By Topic

Deterministic propagation models for radio transmission into buildings and enclosed spaces

Sign In

Cookies must be enabled to login.After enabling cookies , please use refresh or reload or ctrl+f5 on the browser for the login options.

Formats Non-Member Member
$31 $13
Learn how you can qualify for the best price for this item!
Become an IEEE Member or Subscribe to
IEEE Xplore for exclusive pricing!
close button

puzzle piece

IEEE membership options for an individual and IEEE Xplore subscriptions for an organization offer the most affordable access to essential journal articles, conference papers, standards, eBooks, and eLearning courses.

Learn more about:

IEEE membership

IEEE Xplore subscriptions

4 Author(s)
Wertz, P. ; Inst. fur Hochfrequenztech., Stuttgart Univ., Germany ; Wolfle, G. ; Hoppe, R. ; Landstorfer, F.M.

With the growing interest for broadband mobile services in 3rd generation mobile communication networks, the investigation of radio transmission into vehicles and buildings is getting more important. Models for the propagation into vehicles and buildings enable the calculation of the field strength or received power inside these objects. The inner structure of the vehicles (e.g. metal parts) and buildings (inner walls, furniture) as well as the surroundings (other vehicles, buildings) must be considered, and also different construction materials must be taken into account. A deterministic ray tracing approach has been developed, enabling the computation of the transition from an urban scenario to an indoor scenario and vice versa, thus allowing a very accurate computation of the field strength or received power inside vehicles or buildings. Due to the ray tracing technique, the approach can also be utilized to evaluate wideband properties of the mobile radio channel by computing its impulse response. In order to validate such propagation models, measurements inside and outside a building were made.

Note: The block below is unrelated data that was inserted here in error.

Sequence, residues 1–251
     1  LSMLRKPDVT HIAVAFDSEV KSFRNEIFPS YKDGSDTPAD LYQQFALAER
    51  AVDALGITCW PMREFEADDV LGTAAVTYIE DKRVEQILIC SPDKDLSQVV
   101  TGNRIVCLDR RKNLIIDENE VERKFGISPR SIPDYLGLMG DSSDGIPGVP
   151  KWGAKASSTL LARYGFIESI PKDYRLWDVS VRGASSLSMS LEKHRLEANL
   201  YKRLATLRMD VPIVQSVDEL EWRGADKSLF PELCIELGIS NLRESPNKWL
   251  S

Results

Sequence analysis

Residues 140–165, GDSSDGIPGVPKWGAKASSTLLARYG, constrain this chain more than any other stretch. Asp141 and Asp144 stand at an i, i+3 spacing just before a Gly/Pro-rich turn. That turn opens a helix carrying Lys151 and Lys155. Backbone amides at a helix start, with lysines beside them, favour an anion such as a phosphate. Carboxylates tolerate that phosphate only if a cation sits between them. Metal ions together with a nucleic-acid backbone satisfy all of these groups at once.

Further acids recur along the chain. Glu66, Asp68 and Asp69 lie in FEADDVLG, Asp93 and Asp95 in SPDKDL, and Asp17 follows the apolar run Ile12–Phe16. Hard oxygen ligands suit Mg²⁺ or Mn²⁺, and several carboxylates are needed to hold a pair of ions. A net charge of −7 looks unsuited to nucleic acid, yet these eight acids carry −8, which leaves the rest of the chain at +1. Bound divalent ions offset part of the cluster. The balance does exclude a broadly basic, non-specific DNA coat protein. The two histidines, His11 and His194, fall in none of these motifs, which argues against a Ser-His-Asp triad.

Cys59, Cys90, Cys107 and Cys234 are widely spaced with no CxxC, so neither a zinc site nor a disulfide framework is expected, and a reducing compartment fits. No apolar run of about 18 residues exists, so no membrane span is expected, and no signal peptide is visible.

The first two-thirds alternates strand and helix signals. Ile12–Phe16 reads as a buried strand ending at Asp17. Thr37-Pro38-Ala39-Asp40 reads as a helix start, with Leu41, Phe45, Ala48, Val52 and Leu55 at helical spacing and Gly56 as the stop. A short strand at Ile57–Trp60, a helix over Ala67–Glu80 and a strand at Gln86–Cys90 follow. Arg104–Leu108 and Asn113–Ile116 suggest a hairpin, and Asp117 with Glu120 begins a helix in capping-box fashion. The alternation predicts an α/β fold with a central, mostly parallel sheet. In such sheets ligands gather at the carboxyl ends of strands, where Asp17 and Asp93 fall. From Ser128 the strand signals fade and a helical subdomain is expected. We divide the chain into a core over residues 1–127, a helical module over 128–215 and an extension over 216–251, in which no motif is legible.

Published in:

Microwave Conference, 2003. 33rd European  (Volume:3 )

Date of Conference:

7-9 Oct. 2003